An intimate alliance of business and friendship subsisted for a time between Murray and the Ballantynes and Constable of Edinburgh. Constable gave Scott £1000 for the copyright of Marmion before it was written, of which Murray took a fourth; and when Scott was in his difficulties he gracefully made him a present of his share. Murray published The Tales of my Landlord, and the secret of the Great Unknown was manifest to him from the beginning. He early foresaw the result of the reckless trading of John Ballantyne, and, after repeated warnings, finally broke off connexion with him. Happy would it have been for Scott had he taken the same course. 

In 1826, seduced by others more sanguine than himself, he started The Representative, a daily newspaper, price sevenpence, intended to rival The Times. This venture proved a complete failure, and was stopped at the end of six months, with a loss to Mr Murray of £20,000. It was the solitary serious miscalculation of his life, and such a venture has not been repeated by the house of Murray. 

On the 27th of June 1843, Mr Murray closed his arduous and honourable career at the age of sixty-five, and was succeeded by his son John Murray III., who to this day maintains undimmed the glory of his father’s house, as publisher of the best books by the best authors.


On the 2nd of September 1724, a poor woman named Margaret Dickson, married, but separated from her husband, was hanged at Edinburgh for the crime of concealing pregnancy in the case of a dead child. After suspension, the body was inclosed in a coffin at the gallows’ foot, and carried off in a cart by her relatives, to be interred in her parish churchyard at Musselburgh, six miles off. Some surgeon apprentices rudely stopped the cart before it left town, and broke down part of the cooms, or sloping roof of the coffin, – thus undesignedly letting in air. The subsequent jolting of the vehicle restored animation before it had got above two miles from the city, and Maggy was carried home a living woman, though faint and hardly conscious. Her neighbours flocked around her in wonder; a minister came to pray over her; and her husband, relenting under a renewed affection, took her home again. She lived for many years after, had several more children creditably born, and used to be pointed out in the streets of Edinburgh, where she cried salt, as Half-hanget Maggy Dickson.1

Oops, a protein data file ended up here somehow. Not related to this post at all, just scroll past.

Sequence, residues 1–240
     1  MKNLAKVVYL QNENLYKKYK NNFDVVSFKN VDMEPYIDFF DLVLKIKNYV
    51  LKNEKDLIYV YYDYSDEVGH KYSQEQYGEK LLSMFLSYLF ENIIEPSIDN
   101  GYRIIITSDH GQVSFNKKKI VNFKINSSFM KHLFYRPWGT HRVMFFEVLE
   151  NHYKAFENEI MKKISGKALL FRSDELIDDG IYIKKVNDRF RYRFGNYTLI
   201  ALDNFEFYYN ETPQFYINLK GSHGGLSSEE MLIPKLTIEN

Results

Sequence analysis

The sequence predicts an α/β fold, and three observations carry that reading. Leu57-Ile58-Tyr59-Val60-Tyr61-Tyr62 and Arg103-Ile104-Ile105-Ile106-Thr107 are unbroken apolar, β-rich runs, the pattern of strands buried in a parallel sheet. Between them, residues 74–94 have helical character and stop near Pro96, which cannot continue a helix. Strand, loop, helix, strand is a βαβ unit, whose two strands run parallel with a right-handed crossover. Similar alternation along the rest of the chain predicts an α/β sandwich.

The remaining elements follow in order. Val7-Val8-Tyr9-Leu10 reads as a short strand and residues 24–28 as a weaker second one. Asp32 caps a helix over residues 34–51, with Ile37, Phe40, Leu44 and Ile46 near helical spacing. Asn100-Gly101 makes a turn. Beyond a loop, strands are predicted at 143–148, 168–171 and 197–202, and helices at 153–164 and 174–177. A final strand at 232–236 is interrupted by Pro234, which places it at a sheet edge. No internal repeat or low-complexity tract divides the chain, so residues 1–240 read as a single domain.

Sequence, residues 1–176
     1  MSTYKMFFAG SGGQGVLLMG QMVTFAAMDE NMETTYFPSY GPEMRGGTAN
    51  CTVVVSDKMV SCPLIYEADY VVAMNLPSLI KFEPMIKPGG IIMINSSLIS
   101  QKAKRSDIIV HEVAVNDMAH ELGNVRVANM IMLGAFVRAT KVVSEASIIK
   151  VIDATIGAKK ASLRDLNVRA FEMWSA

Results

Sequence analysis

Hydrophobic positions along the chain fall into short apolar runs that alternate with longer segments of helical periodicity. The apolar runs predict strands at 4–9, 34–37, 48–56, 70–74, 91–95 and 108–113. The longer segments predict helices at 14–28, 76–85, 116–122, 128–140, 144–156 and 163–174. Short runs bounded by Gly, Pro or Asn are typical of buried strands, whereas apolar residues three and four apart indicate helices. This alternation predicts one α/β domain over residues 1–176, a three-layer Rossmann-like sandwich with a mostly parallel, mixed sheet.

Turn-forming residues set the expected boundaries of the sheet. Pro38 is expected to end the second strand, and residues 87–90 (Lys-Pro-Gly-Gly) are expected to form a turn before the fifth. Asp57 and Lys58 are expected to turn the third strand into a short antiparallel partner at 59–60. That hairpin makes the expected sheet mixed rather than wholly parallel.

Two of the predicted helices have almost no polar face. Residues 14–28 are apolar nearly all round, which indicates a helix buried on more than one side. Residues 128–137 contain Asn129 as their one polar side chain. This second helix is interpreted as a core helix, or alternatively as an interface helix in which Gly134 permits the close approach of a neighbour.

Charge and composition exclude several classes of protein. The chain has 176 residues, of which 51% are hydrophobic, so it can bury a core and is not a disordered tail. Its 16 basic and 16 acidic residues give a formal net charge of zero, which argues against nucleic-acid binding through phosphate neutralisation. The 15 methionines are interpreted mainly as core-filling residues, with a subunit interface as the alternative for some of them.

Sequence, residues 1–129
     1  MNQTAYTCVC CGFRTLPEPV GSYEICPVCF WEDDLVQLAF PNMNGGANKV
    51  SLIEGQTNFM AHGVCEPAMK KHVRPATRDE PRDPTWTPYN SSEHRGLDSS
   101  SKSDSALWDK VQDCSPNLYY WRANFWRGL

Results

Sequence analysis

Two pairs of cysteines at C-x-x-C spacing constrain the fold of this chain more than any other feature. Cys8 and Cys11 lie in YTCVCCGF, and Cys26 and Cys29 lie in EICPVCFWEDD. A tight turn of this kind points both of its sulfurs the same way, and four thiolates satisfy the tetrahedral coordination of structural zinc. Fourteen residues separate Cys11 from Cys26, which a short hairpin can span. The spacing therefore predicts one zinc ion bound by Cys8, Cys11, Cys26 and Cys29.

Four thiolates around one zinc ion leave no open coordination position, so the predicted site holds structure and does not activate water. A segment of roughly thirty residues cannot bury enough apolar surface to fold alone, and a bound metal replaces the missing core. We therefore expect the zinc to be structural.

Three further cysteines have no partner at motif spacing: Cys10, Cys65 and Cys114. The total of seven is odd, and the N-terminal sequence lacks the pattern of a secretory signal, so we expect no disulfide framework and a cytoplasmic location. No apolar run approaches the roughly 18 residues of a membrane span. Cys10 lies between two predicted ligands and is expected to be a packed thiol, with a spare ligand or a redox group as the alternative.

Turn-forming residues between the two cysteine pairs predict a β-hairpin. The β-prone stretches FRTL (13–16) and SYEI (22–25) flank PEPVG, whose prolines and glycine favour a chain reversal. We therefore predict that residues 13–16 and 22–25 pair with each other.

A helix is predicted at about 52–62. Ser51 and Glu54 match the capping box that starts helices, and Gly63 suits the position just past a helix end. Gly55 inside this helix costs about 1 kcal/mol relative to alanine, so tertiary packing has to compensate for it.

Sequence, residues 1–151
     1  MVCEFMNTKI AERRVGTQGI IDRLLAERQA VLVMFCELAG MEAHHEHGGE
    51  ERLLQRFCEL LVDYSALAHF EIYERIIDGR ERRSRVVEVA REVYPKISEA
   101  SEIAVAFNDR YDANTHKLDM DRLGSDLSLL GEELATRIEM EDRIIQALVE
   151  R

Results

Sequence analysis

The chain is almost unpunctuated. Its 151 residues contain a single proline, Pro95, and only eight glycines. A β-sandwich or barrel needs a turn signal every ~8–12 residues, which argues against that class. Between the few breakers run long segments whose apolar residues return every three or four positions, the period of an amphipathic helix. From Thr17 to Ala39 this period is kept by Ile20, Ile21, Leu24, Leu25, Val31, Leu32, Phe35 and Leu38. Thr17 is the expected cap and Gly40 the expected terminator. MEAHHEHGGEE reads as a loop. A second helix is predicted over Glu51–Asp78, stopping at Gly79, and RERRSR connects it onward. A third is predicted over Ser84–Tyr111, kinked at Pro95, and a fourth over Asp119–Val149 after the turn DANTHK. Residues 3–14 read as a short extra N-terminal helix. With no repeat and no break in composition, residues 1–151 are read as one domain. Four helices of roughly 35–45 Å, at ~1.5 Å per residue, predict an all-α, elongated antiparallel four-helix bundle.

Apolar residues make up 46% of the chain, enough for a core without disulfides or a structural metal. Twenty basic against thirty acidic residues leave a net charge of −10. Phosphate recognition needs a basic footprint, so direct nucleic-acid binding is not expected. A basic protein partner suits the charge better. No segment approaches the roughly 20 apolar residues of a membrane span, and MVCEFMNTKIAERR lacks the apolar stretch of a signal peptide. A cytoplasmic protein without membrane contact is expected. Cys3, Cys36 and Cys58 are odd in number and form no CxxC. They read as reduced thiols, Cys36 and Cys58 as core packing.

At Cork a man was hanged in January 1767 for a street robbery, and immediately after carried to a place appointed, where a surgeon made an incision in his windpipe, and in about six hours recovered him. The almost incredible fact is added, that the fellow had the hardihood to attend the theatre the same evening.2 William Brodie, executed in Edinburgh, October 1788, for robbing the excise-office, had similar arrangements made for his recovery. It was found, however, that he had had a greater fall than he bargained for with the hangman, and thus the design was frustrated. 

It may be remarked, as helping to account for the great number of recoveries from hanging, that in former days a criminal was allowed to slide of slip gently from a ladder, so as to have very little fall; and consequently, as a rule, he suffered only asphyxia, and not a breaking of the vertebral column. In the mode followed now-a-days, hanging is a process very effectual for its end, so as to make resuscitation almost impossible.

1  The date of this case is usually given wrong. The particulars here stated are authentic. [This event is described in the ‘Domestic Annals’ chapter Reign of George the First which gives the same date as this article, “Sep. 2. 1724”.] 
2  Notes and Queries, 1st ser. vol. ix., p. 281. 
*  “Suspensus per collum” = hanged by the neck.

On this Day in Other Sources.

James IV., was crowned at Scone on the 26th of June, 1488, after which he proceeded to the palace of Stirling, where he took up his residence. 

– A History of Scotland, Chapter XI.

This year, 1493, the King calls a parliament, to be [held] at Edinburgh, the 26th day of June, wherein, amongst other [wholesome] laws, the eldest sons of barons and gentlemen are, under a great penalty, ordained to study the laws of the land. 

– Historical Works, pp.214-238.